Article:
Fond obs. imp. of Find. Found.
Fond, a. [Compar. Fonder superl. Fondest.]
1. Foolish; silly; simple; weak. [Archaic]
Grant I may never prove so fond
To trust man on his oath or bond. --Shak.
2. Foolishly tender and loving; weakly indulgent; over-affectionate.
3. Affectionate; loving; tender; -- in a good sense; as, a fond mother or wife.
4. Loving; much pleased; affectionately regardful, indulgent, or desirous; longing or yearning; -- followed by of (formerly also by on).
More fond on her than she upon her love. --Shak.
You are as fond of grief as of your child. --Shak.
A great traveler, and fond of telling his adventures. --Irving.
5. Doted on; regarded with affection. [R.]
Nor fix on fond abodes to circumscribe thy prayer. --Byron.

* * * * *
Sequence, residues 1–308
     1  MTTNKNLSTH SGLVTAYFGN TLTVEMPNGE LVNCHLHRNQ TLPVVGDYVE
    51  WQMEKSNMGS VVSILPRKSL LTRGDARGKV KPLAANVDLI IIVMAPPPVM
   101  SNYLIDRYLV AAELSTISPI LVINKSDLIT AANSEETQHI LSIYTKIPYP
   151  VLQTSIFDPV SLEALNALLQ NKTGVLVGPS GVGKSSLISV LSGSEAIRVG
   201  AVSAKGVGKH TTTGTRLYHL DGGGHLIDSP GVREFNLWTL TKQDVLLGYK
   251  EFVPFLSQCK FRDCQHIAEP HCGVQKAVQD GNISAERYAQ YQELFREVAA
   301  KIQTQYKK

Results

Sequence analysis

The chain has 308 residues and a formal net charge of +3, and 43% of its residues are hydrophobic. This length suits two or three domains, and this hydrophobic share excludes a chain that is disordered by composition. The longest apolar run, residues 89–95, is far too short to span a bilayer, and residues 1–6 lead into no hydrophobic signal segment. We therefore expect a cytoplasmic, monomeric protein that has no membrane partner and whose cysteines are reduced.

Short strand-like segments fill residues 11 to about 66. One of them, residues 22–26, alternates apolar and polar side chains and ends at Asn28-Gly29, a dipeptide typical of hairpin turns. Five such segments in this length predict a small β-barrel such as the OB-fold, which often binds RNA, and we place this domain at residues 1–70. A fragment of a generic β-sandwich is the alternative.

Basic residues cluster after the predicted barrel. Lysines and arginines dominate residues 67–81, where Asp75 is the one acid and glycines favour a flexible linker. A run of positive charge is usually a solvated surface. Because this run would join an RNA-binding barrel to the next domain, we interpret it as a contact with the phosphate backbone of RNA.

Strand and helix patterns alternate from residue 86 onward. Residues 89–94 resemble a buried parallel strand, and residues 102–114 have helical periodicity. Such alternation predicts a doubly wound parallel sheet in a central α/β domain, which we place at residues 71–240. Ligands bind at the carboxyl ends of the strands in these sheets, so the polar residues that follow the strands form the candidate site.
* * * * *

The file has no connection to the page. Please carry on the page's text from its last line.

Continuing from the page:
6. Trifling; valued by folly; trivial. [Obs.]
Fond, v. t. To caress; to fondle. [Obs.]
The Tyrian hugs and fonds thee on her breast. --Dryden.
Fond, v. i. To be fond; to dote. [Obs.]
Fond n. [Obs., or used as a French word]
1. Foundation; bottom; groundwork; specif.: (a) Lace Making The ground. (b) Cookery The broth or juice from braised flesh or fish, usually served as a sauce.
2. Fund, stock, or store.
adj 1: having or displaying warmth or affection; "affectionate
children"; "caring parents"; "a fond embrace"; "fond
of his nephew"; "a tender glance"; "a warm embrace"
[syn: affectionate, caring, lovesome, tender,
2: extravagantly or foolishly loving and indulgent; "adoring
grandparents"; "deceiving her preoccupied and doting
husband with a young captain"; "hopelessly spoiled by a
fond mother" [syn: adoring, doting]
3: absurd or silly because unlikely; "fond hopes of becoming
President"; "fond fancies"
4: (followed by `of' or `to') having a strong preference or
liking for; "fond of chocolate"; "partial to horror
movies" [syn: fond(p), partial(p)]